Docker containers are for the final version of a production ready piece of software.
Docker containers work best when your web app is built with scalability in mind, when you intend your app to end up in a https://kubernetes.io/ like environment.
In Docker, instead of running recipes to provision a server that, at the end of a sometimes very long process, also includes your WordPress code somewhow, you instead drop a git looking binary blob into your target and you are done. It's faster! Faster for ... production deployments ...
My experience with developing PHP on Docker is that it sucks. File mapping does not work the same way. The whole save then refresh the browser to see changes workflow doesn't work very well in Docker.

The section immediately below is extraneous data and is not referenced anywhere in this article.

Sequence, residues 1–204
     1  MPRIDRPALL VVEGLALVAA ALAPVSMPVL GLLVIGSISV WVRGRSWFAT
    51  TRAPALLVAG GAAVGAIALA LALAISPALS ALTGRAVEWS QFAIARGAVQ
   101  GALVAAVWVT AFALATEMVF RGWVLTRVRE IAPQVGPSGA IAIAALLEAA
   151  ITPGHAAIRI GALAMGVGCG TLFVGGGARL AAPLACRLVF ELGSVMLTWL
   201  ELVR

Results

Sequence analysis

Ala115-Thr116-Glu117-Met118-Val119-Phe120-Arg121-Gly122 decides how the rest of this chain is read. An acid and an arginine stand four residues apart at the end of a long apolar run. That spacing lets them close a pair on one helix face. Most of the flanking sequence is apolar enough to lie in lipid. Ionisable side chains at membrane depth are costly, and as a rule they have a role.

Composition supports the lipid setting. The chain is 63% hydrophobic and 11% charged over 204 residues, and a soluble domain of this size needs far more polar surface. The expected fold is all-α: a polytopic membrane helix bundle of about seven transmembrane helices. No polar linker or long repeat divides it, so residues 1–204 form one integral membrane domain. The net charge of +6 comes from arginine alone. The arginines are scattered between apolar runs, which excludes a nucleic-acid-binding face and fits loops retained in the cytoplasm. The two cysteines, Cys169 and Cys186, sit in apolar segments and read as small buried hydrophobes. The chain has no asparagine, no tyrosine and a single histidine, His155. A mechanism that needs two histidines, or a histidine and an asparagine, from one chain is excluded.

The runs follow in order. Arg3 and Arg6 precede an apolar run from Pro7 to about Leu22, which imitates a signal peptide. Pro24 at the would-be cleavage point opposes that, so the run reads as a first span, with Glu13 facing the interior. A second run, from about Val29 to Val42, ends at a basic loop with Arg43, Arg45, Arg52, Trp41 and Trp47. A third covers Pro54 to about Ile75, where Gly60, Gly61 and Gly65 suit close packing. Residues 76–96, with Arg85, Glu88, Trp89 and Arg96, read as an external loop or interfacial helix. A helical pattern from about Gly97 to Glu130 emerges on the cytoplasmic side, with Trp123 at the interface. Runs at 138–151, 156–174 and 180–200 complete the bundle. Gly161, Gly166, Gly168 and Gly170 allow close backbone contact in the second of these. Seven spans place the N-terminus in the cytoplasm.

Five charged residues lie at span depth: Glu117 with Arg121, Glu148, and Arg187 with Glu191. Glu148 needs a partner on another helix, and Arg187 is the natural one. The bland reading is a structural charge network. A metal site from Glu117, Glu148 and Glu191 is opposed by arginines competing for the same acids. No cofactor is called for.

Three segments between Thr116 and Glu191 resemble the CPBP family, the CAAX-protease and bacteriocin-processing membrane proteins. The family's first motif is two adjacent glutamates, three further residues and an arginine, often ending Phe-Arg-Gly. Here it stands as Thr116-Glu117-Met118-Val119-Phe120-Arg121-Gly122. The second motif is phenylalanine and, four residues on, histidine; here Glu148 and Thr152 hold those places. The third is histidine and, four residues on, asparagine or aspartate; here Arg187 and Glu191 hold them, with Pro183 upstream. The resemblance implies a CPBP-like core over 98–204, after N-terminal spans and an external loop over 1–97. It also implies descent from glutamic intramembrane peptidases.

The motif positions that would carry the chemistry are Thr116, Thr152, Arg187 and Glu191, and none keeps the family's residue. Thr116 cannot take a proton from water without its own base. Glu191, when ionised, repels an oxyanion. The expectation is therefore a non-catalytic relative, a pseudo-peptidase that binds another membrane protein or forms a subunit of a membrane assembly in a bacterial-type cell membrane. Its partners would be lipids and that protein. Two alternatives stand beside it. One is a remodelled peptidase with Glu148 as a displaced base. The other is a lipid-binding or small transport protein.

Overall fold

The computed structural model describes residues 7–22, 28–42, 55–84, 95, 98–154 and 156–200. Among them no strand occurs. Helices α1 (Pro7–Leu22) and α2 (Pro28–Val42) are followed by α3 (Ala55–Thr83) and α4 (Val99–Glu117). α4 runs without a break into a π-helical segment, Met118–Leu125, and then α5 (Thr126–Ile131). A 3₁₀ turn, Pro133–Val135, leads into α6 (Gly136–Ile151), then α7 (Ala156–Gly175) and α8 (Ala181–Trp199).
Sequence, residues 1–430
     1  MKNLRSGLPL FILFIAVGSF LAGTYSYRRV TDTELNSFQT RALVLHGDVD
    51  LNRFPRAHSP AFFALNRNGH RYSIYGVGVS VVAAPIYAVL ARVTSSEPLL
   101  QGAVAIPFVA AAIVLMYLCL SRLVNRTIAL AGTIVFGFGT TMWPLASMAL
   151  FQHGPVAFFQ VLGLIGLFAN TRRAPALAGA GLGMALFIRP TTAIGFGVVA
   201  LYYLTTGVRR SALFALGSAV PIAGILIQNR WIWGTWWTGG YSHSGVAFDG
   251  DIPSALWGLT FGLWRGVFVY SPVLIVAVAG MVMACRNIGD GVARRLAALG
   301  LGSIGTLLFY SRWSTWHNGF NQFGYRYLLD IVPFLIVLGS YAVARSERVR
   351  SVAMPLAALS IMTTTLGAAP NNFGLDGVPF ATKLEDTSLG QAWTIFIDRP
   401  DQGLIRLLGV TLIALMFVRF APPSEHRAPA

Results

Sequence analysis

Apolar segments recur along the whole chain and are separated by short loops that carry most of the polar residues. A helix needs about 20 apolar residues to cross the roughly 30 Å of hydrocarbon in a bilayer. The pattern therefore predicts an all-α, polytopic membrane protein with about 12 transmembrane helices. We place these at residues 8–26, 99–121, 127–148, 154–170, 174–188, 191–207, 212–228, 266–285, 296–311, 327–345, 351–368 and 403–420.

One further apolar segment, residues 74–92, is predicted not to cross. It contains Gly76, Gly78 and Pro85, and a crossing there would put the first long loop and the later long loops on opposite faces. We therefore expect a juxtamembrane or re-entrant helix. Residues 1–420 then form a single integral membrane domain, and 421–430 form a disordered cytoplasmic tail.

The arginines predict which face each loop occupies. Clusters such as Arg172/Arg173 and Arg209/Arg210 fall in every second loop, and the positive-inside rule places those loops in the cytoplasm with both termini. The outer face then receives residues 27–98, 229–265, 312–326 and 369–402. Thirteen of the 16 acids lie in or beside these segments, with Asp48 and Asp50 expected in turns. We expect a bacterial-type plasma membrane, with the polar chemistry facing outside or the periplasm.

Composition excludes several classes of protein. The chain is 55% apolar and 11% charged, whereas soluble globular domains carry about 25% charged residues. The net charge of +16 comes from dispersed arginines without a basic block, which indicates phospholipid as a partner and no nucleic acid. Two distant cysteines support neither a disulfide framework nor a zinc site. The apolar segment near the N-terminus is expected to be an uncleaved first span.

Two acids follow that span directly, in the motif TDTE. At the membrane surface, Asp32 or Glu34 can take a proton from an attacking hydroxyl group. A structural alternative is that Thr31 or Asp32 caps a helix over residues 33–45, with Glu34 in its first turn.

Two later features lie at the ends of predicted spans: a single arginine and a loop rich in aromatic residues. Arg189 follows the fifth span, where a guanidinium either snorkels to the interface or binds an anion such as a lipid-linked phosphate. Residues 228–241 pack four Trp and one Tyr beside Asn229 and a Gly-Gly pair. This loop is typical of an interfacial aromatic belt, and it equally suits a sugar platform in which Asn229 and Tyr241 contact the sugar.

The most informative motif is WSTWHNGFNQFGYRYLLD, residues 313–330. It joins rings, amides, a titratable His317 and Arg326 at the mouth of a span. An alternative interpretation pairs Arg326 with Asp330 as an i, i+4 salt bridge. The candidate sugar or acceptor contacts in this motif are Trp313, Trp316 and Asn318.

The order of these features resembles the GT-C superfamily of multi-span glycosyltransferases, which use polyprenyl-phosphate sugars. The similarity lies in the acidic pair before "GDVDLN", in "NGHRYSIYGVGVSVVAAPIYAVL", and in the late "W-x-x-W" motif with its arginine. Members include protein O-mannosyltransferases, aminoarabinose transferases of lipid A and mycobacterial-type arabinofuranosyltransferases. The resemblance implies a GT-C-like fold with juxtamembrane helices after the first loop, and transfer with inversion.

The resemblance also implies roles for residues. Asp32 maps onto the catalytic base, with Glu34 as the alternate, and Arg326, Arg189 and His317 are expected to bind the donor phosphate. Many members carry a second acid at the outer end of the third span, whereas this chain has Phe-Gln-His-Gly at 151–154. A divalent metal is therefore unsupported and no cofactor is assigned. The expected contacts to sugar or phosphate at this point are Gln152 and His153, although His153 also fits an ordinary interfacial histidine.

The Docker development flow is better suited for developers that recompile and/or restart their web server every time they save their files (Think: Typescript, Node.js, Python WSGI, Java ... )
Furthermore, Trellis is not deploying Vagrant into production? You can certainly jiggle your settings and end up with Docker there if you need that kind of scalability?
Things are improving for PHP on Docker though. If you want to play around with Docker check out: https://phpdocker.io/
I'm not against it, but there is certainly a lot of misunderstanding circulating for who or what Dockers was built for, where PHP Developers are last on the list.